The Faraway Nearby by Rebecca Solnit

After spending a few months with me in London some years ago, a very good friend was about to return to New Zealand and was making some major changes in her life, both personal and in her career. She wasn’t entirely sure what job she wanted to do, but knew it would be in the great outdoors. She loved to travel and she loved nature. I organised a subscription to Wanderlust Travel magazine for her, an inspiration of amazing photography, fabulous ideas for out-of-the-way places to visit and best of all, a link to exciting jobs for those who love to travel across cultures, to be outdoors and meet people.

Milford-Track2

Life on the Milford Track

She completed a diploma, training in the skills required to become an outdoor guide and now works for the Department of Conversation as a guide on the Milford Track, this last season she was based in a lodge, only accessible by helicopter or a few days walk in. She is now living her dream job and it is indeed just like those jobs offered in the pages of that inspiring magazine.

Fast forward a few years and I come across a book called Wanderlust : A History of Walking by Rebecca Solnit. I was interested in it, though stronger was the feeling that I should send it into that remote wilderness to my friend, it seemed to describe where she had arrived at. So I did. I then forgot about the book until I saw the name Rebecca Solnit come up recently on NetGalley, she had a new book coming out The Faraway Nearby. Here is the book I will read I thought and requested it.

Some weeks later while in London one Saturday, I discovered The London Literature Festival was on and at 3.30pm, I could attend a talk by Rebecca Solnit speaking about her book The Faraway Nearby. Serendipity? I bought a ticket, a hardback copy of her book and went to listen to the author, curious, though I had never read a word of her writing.

FarawayThe book is good, but Rebecca Solnit’s ability to captivate an audience is spectacular. I’m almost sorry to admit it, but the live version was even better than the passive written version, which I really enjoyed, the reading experience enhanced significantly by the additional anecdotes and philosophical meanderings of Solnit in person, as she spoke without pause, the voice of a poet.

The talk was hosted by the literary critic Alex Clark, who suggested that the media coined her book not a memoir, but an anti-memoir. Part anti-memoir and part matremoir, it starts with her recounting the gift of 100 pounds of apricots from her mother, one of the few gifts she ever received from her mother and not disconnected from the fact that her mother is undergoing something of a personality change since her Alzheimer’s diagnosis. She lays them out on her bedroom floor, wanting to appreciate their abundance, but instead embraces a soon to be dissected anxiety.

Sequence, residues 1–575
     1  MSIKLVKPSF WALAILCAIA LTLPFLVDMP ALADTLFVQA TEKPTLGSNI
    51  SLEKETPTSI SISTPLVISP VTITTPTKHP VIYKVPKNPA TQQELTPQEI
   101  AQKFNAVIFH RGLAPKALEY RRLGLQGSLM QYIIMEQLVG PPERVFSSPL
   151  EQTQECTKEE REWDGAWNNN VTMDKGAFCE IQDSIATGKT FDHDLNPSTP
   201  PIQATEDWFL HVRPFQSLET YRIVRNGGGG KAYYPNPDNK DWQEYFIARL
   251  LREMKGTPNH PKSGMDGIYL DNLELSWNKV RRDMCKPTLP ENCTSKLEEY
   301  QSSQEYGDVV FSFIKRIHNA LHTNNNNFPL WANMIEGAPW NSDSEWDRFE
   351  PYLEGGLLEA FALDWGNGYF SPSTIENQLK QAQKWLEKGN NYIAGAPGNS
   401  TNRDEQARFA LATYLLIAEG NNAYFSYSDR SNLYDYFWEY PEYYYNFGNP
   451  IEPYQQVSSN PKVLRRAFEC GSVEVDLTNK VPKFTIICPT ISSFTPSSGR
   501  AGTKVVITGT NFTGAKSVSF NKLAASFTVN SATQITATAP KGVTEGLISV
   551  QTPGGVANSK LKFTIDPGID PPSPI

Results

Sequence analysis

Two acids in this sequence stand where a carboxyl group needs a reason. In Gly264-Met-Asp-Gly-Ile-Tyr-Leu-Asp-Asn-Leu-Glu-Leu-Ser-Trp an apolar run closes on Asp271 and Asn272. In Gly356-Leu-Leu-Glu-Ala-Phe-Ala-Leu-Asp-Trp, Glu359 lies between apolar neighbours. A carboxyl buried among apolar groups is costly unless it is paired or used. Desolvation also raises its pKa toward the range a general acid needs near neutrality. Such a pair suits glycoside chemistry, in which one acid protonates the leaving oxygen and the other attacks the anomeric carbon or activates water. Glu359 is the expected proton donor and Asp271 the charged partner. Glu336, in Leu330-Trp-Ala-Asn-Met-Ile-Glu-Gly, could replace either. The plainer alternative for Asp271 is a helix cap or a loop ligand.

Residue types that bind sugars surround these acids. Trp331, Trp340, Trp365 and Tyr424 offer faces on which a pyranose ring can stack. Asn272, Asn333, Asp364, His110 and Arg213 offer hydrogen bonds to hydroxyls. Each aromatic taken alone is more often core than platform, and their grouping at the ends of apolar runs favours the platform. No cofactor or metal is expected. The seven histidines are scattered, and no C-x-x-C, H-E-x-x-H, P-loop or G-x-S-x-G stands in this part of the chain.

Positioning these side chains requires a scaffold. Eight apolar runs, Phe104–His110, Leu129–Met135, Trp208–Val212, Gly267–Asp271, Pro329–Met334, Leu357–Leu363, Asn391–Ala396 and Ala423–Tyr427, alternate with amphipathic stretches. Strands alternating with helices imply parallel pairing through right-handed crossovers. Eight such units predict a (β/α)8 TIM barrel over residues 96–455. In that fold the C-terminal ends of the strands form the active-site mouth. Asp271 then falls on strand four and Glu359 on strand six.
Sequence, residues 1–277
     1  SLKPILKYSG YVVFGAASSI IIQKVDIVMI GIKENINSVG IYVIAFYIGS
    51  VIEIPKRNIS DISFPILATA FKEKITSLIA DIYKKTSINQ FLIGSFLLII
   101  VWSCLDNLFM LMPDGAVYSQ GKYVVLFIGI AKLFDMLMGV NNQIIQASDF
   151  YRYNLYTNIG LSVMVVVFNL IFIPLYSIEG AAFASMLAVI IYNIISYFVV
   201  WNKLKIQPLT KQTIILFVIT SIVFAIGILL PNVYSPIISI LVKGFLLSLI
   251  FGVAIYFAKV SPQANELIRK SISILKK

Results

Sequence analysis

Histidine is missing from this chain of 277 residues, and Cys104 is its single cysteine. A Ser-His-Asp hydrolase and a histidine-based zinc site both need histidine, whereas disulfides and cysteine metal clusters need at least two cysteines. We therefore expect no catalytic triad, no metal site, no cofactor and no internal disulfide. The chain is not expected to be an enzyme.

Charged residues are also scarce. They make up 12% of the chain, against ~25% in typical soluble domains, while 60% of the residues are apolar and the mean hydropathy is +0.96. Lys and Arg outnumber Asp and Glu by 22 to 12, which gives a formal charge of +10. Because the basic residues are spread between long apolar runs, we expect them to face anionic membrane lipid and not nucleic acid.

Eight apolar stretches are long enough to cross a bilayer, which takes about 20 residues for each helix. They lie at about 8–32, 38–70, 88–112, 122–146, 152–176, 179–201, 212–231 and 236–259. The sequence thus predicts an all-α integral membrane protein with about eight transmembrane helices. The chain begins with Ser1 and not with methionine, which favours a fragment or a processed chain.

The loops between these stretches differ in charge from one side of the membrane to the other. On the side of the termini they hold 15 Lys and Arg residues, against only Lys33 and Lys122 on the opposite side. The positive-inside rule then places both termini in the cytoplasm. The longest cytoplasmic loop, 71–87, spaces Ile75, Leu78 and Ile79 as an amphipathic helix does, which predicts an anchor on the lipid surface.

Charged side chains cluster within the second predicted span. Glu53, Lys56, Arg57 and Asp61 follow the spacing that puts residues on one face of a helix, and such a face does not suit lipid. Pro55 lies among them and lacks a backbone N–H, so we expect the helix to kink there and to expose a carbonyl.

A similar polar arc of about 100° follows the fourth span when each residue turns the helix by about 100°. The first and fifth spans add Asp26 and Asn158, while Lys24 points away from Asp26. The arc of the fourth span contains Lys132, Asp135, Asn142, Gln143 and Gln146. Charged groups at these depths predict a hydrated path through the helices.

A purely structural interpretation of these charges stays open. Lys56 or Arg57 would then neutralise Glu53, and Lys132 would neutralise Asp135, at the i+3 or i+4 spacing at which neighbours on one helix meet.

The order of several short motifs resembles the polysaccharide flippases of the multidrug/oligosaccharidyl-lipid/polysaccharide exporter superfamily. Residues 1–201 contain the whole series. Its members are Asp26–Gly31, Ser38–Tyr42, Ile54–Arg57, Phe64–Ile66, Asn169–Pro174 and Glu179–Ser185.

“The fruit on my floor made me start to read fairy tales again. They are full of overwhelming piles and heaps that need to be contended with, the roomful of straw the poor girl in Rumpelstiltskin needs to spin into gold overnight, the thousand pearls scattered in the forest moss the youngest son needs to gather in order to win the princess, the mountain of sand to be moved by teaspoon. The heaps are only a subset of the category of impossible tasks that included quests, such as gathering a feather from the tail of the firebird who loves at the end of the world, riddles, and facing overwhelming adversaries.”

 

Nature essays, how stories create the narrative of our lives, philosophical meanderings, her chapters weave in and out of many subjects, flitting here and there, as she recounts pieces of a year that passed whilst her mother was regressing. She contemplates and then makes an escape to Iceland, mentions friendships and her passion for visual art, the occasional Buddhist legend, Frankenstein, Mary Shelley and her mother Mary Wollstonecraft, pain and leprosy likening her narrative to a Russian matryoshka doll, even going so far as to repeat chapter names in reverse, once she arrives at the hard core (the doll that has no doll).

“My story is a variation on one I’ve heard from many women over the years, of the mother who gave herself away to everyone or someone and then tried to get herself back from a daughter.”

ApricotsThere are many anecdotes, insights and great lines throughout the narrative, however Solnit stops short of going too deep into her subject, she observes the apricots and watches how they change, just as she does her mother, but stops short of looking too deep into the past, of really describing their relationship and how they were with each other, it is implied, not described.

I understand this reluctance, for that percentage of women out there who had the kind of relationship with their mother that Solnit did, there will be many nods of the head in recognition of what she says without having to go into detail. For the rest, it may seem superficial or even harsh, but they are the words of a mature 58-year-old women, who admits:

“If I had written about her earlier, the story would have had the aura of the courtroom, for I had been raised on the logic of argument and fact and being right, rather than the leap beyond that might be love.”